In Memoriam: Women's Chris Reimer

Blake Gillespie

In 2008 I was green to the storied vibes of psych-rock, having not dipped my toes into that part of history quite yet. During this modern boom of psych-resurgence, I undertook extensive research, both in theory and practice. But I was reminded of my näivete after digging up my review of Women's self-titled debut, in which I called the genre “campy or misleading”. While I had plenty to learn, what I did not lack was intuition. The moment I heard Women's record, I felt a shift in the plot. This is apparent in the review, as I applaud the Calgary boys for their lack of synths and samplers. Psych and surf-rock blew the fuck up, and in that span, before we all fell back in love with synths, Women book-ended the era with two incredible records.

I remember my first day with Public Strain. It was a sober afternoon spazz-out session at my laptop as I struggled to care about whatever band I was supposed to write a post on that day, and then a hot-boxed car session with a friend later. We reached our destination but remained in the vehicle, too capitvated to kill the engine. (Months later Pitchfork ran a Special Presentation with Women in an abandoned warehouse that earned a rare tip of the hat from me. It captures the horror and claustrophobia of the band, mostly in the “Drag Open” video, that I've felt since my first listen to “Upstairs”.) It's my duty to spot a potential classic record or to laud a fine body of work as inching towards that high water mark. This is not the time nor place to make a list of who's reached that golden grace for me. But, I know, without the equation of trends, without investment and without hesitation, that Public Strain will be a classic record and part of the canon of rock 'n' roll history. I'll shout it from the corners and drop the needle for every curious or innocent ear until it's understood.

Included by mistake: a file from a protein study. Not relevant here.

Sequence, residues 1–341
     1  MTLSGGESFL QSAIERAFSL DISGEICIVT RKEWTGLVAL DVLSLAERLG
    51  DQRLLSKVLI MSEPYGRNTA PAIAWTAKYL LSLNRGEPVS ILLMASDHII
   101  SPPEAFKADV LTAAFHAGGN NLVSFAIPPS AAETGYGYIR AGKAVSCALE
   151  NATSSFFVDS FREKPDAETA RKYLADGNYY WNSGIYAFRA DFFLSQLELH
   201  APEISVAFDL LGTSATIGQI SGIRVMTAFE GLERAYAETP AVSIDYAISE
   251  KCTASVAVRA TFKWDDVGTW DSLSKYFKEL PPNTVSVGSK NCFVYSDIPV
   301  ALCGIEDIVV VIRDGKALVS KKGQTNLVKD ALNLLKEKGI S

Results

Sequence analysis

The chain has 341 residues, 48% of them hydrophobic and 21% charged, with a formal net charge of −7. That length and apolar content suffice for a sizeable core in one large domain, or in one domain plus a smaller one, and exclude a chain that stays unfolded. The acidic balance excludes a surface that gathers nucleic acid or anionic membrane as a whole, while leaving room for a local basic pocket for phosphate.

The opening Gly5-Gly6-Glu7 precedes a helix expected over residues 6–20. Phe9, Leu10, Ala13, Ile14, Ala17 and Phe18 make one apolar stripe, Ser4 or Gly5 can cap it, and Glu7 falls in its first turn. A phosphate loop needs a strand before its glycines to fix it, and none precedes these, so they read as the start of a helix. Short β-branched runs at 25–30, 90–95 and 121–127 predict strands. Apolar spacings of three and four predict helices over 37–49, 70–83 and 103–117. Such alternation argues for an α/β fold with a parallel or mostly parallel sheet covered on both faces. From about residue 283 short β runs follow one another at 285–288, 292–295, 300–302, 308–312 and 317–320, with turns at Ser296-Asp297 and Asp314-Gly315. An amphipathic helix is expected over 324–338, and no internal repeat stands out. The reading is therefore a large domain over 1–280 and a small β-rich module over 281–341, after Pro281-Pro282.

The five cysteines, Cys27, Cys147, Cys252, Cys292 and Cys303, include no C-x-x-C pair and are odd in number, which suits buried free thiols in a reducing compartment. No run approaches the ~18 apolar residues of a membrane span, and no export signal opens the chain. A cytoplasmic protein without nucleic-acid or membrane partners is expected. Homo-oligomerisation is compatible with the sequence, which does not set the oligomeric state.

Alas, it's also a terrible collection of dirge, begging to be chained down by history. It hurt a little to listen to Public Strain after Women broke up. It's even more of a downer with the unexpected passing of guitarist Christopher Reimer. Uneasiness is the immediate feeling. A 26 year-old is not supposed to die in his sleep from an existing heart condition. But, it happened. Women breaking up felt like an elipsis more than a period. A week ago that changed.

I've had a lot of experience with death and at each viewing or funeral at least one person has encouraged me to remember the good times. It's common, but the repetition is comforting. In the spirit of remembering the good, Jagujaguwar is streaming the Women records back to back starting at 3 p.m. EST today here.

There's also many fine recountings of Chris Reimer's impact and shared good times at the Christopher John Joseph Reimer Memorial website set up by his sister Nikki, including this fine letter from Chad Van Gaalen, who recorded both Women records:

“Hello Nikki.

“My name is Chad Van Gaalen and I have some words to say about your beautiful brother.

“I started hanging out with a group of feral newborns in 2006, introduced to me through Matt Flegel when we started recording the first Women record. Chris was by far the shyest of the bunch, but this didn’t last long. We soon realized we shared a common interest of listening to what most people would consider to be total noise. Soon after realizing this, we swapped CDR’s of nonsense and that is when I discovered Chris was a sonic motherfucker. I couldn’t believe he had so much beautiful music that he had shared with so few people. This made more sense to me as I got to know Chris better over the years.

“He was so sonically curious and had such vision in his mind, that the bar was always going up. He was so humble and was always talking about microscopic improvements he could be making. Or the tone questing that had to be done on compositions that were absolutely flawless to anyone else that listened to them. On top of that, finding out that he was making most of these sounds with just a guitar… This to me is the mark of a true artist.

“He inspired me. He set an example of what could be done with sound. He reminded me to keep having fun searching for noise on a planet of noise.

“I loved your brother Chris.”

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